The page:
I have an Averatec 3270 Laptop I purchased from Sam's Club with a 3-year extended warranty.
I had a problem with my laptop three days after the manufacturer's warranty expired. I called Sam's club, who had me send my laptop to a company by the name of Cybertech for repair.
When my computer was returned, it was not the same computer. It was the same model, but in better condition than the one I sent them. The one I sent in had a check-mark-shaped cash in the cover, along with a pronounced line on the screen where the spacebar hits. The serial numbers on the bottom of Averatec computers are on a sicker that rubs off.
The one I had sent in had no bar code information on the sticker it was completely gone. The one I received had a partial bar code. It also was returned with an operating system for a different model, and had the recovery system removed from the computer. The computer hardware came back better than I had sent it, but the hard drive itself was not the manufacturer's hard drive.
My problems started two and a half months after I got my laptop back and the laptop got a virus. Normally, you would be able to run the manufacturer's recovery CDs and be able to restore your hard drive. When I contacted Averatec, they informed me that the recovery cds were kept on a partition on the hard drive and there is nothing they can send me. I found that this recovery information was missing.
When I contacted Sam's Club and Cybertech, they then informed me that my hard drive had been replaced. I asked Cybertech why they did not include that on the repair paperwork they returned to me, and Damian with Cybertest stated Because you didn't ask. That was a completely unprofessional answer for damage or replacement to property that I own.
Both companies then told me I was responsible for the software on my computer which, for normal software, would be fine except they removed the only restore option available. They do not have the manufacturer's specified recovery image, so they sent me a generic operating system that was produced for a different model, one that's two inches bigger and that did not support the hardware given.
The manufacturer has explained to me that there are several problems with what Cybertest has done:
1) If they replaced the hard drive, they would have had to replace it with one from the manufacturer which would have been formatted with the correct recovery partition and operating system. Cybertest did not do this.
2) If they replaced the hard drive, the warranty stickers would have had to of been removed. Clearly they are still in tact.
3) Since the computer was sent in for a power supply problem, there was no need to reformat or replace the hard drive. Now, it's not completely unbelievable that the hard drive was damaged during shipping, but this is highly unlikely considering that the product was packaged very carefully in Styrofoam in the box that Cybertest had sent me. If the hard drive broke, it did so in Cybertech's care, and they should repair it back to the state it was sent to them, or at minimum to the factory defaults.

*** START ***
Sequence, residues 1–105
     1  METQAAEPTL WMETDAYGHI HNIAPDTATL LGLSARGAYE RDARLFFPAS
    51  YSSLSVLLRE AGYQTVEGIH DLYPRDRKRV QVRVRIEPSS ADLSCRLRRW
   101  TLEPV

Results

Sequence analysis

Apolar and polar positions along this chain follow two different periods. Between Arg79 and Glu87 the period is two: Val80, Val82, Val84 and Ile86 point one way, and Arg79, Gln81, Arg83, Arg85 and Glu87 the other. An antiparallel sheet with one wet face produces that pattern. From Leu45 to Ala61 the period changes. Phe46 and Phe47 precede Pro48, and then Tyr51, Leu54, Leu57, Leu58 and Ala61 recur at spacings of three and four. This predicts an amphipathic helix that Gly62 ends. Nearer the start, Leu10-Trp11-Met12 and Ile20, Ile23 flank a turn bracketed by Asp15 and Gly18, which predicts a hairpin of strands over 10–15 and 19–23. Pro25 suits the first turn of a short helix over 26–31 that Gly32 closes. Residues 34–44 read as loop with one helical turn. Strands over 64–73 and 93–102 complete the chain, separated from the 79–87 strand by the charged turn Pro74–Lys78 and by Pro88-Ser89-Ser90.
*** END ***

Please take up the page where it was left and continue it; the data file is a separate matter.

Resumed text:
At this point, I have no way to restore my computer back to its original state besides sending it back to the manufacturer's warranty company and paying for the drive to be reformatted back to factory defaults. Although the fee involved is not unreasonable, the point is Cybertech replaced my hard drive (which may have been recoverable) without my knowledge or knowledge of how the restore system worked. They did not disclose this fact, and are now stating that it's my problem.
I have asked both Cybertest and Sam's Club for assistance in this matter. They both claim that this is a software problem, and if I send in the discs for recovery, they will fix the problem. Even after explaining this to numerous people in both companies, including Rob (((ROR REDACTED FULL NAME))), VP Business Development & Technology for Cybertech, that they have removed the only recovery option I had, they still insist that it's not their problem.
This "Software" problem would not have existed had they of used the 3200 hard drive from the manufacturer. I am taking the stand that this "software" problem was caused by the unnecessary actions taken, and if they had returned my laptop, I would have been able to recover the hard drive myself. Since they did not disclose the hard drive problem or return the hard drive to me, I believe that they are swapping people's computers without regard to condition, wiping the hard drives and sending them out to different users at their convinence.
Ironically, the people at Sam's Club Tech Support agreed that the actions taken were unapproprate, but are unwilling to find a new service provider who can service Averatec Laptops as inteded, such as Fremontek.
Now, it's not unreasonable to ask that if a product breaks while in the care of a company, they a) notify me of the problem (the paperwork they sent back did not state in any way that the hard drive was replaced), and b) return the product with the manufacturer's default settings. Instead, they returned the computer to me in a state that can not be repaired.
If a warranty service company breaks a product, shouldn't I be entitled for them to replace it with the same hardware for the correct model or fix it based on the manufacturer's recommendations? The hard drive that replaced mine was clearly not an Avertec harddrive for a 3200 model, otherwise it would have been formatted with the Phoenix Recovery system.
I would like a refund for the $65 + shipping I am going to have to pay to have this problem fixed this problem that was not caused by me or anything I did.
If you search further on this website, someone complained that they received an Averatec Laptop back in worse condition than they had sent it. Do you think, after my experience, that perhaps they did not receive their own laptop back?